This isn’t meant to depress you. It’s meant to explain the reality of the modern screenwriting business. It’s not an industry where dilettantes do well. You have to really want it. And you have to be really good at it. And you have to put the time in. Lots of time. That means lots of scripts.

If not, the screenwriting equivalent of Benson Henderson, or Ronda Rousey, or some up and coming amateur, is going to kick your ass. Because right now there are only a few coveted jobs or spec sales for screenwriters.

Bottom line is, if you you want to succeed — hell, if you just want make the fight competitive — you have to embrace the grind.

10 Page Torture Test – Open To Submissions Jun 11

10 Page Torture TestThere are many writing achievements that I’m proud to have accomplished: placing in/winning script competitions… having my first script optioned… getting my first paid writing gig…

And now I’ve been asked to be the first guest script reviewer for the 10 Page Torture Test!

While my previous achievements were grand, I can say without hyperbole that this one is at least a billion times better than the others. 😉

What is the 10 Page Torture Test?

It’s a site where a mysterious and talented guy, who goes by “Pitchpatch,” takes the first 10 pages of mostly amateur scripts, and digs deep into their nooks and crannies. In doing so, he offers fantastic (and hilarious) insight into what works, and what doesn’t, complete with suggestions for improvement.

And what’s more, he does it for free! All for the love of screenwriting, and the recognition of the importance of the first 10 pages of a script. As you should know, if your first 10 pages don’t impress, the reader will likely have permanently checked out by page 11.

How good is this guy, Pitchpatch? Here’s a hint: Guess who I beg for notes when I need one of my scripts critiqued?

Send me your scripts!

For the next edition of the 10 Page Torture test, I’m going to take the reins and provide the feedback.

But I only get to choose one script. So if you’d like the first 10 pages of your script critiqued publicly, FOR FREE, send it to me, with its associated logline, by Friday, June 20th at Midnight.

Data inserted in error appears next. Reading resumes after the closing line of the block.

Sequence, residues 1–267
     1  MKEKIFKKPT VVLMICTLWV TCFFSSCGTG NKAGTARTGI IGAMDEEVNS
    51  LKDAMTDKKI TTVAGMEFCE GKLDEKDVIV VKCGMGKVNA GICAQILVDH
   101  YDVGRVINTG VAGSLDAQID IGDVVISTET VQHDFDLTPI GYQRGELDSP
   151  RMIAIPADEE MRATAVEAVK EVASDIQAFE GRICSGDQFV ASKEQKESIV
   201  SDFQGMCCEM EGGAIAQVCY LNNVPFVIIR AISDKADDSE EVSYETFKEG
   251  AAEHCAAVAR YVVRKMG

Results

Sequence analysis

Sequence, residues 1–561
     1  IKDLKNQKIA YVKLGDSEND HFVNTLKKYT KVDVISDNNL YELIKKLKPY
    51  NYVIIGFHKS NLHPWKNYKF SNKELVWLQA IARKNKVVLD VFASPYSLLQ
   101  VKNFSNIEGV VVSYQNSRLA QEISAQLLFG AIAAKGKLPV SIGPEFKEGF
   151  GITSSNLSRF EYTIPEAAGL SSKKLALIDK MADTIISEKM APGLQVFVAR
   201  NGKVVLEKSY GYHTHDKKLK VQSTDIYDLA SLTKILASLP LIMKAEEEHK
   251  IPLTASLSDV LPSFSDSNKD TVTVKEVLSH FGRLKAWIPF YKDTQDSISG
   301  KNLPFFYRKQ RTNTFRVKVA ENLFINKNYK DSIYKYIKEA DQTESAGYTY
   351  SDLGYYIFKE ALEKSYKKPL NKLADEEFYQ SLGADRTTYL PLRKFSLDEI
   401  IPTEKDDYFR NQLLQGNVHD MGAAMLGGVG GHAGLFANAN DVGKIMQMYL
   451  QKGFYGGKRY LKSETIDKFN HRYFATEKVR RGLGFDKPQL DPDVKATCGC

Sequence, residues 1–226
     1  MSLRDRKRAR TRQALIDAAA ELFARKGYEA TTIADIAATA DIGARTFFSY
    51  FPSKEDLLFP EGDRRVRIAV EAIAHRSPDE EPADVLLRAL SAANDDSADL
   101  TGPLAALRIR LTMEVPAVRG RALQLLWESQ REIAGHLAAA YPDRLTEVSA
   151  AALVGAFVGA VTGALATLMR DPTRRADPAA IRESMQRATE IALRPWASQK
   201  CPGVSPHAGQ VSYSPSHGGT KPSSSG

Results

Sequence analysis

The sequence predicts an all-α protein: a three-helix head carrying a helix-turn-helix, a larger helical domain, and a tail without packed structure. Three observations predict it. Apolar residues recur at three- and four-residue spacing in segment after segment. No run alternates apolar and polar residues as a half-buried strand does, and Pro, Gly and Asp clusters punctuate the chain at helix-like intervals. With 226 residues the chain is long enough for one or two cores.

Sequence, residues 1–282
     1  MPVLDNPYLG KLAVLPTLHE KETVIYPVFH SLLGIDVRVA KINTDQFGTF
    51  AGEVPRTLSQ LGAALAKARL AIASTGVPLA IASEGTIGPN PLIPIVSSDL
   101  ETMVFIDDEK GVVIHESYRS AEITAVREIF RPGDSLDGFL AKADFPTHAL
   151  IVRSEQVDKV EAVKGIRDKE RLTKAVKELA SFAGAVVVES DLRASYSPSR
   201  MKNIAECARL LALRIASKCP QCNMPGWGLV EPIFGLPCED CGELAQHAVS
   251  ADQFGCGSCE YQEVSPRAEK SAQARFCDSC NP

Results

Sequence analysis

I’ll be choosing the script based on two things:

  1. The intrigue of the logline. (Is the concept compelling? Is the movie marketable?)
  2. The potential for readers to learn from my notes. (Are there things the writer has done really well? Are there common mistakes to point out?)

It should hopefully go without saying by now, but any constructive criticism will be provided with an aim to enlighten — not embarrass.

So send me your script (and logline) for consideration!!!

Pop Quiz: What’s wrong with this dialogue? Jun 06

Are you a sloppy writer?

Of all the common, lazy mistakes I encounter when reading scripts, the one that possibly irks me the most can be found in the following dialogue exchange.

Have a look:

TOOKY

Look, I ain’t playin’ with you. Give me the money, or you gonna get got!

JOSH

I really should of stayed at a nicer motel.

Pop QuizDo you see it?

“ain’t”? — No, that’s a legitimate word. Merriam-Webster tells me so.

“playin'”? — Nah, that’s simply eliding a letter to give a better sense of the how the character speaks.

“you gonna get got”? — Nope. As grammatically offending as that slang is, it’s appropriate for the character.

So what is it?

Take a closer look at Josh’s line.

Do you see it?

No? Then you may be a sloppy writer.

There’s no such thing as “should of”!!!

The phrasing is either “should have” or “should’ve.” It may sound like “should of,” but sounding like something doesn’t count.

It’s like that time I wanted to tell someone off in my yearbook graduating entry, but didn’t want to have it flagged. So I wrote “FUH Q” instead of, well, you know. (True story. Yeah, real classy.)

Sounding like something, and being the equivalent of something, are two totally different things.

But what about intentional misspellings to give characters a certain affected manner of speech?

Intentional misspellings and grammar faux pas are permitted in screenplay dialogue blocks, as long as it’s clear to the reader that the mistakes are indeed intentional (e.g., slang, speech impediment).

It’s like how I wrote, “real classy” above, instead of the grammatically correct, “really classy.” In a casual blog post, or a script dialogue block, that’s just fine. It’s being cheeky and using the common phrasing.

However, spelling it: “reel classy” would be a mistake. The audience can’t see or hear the misspelling, so it can’t be justified by saying, “But that’s how my character would have spelled it!”

Bottom line is, if you’re one of those who missed the mistake above, you may be making others in your script that you’re not even aware are mistakes.

So if you need proofreading or script notes, I’m here for you.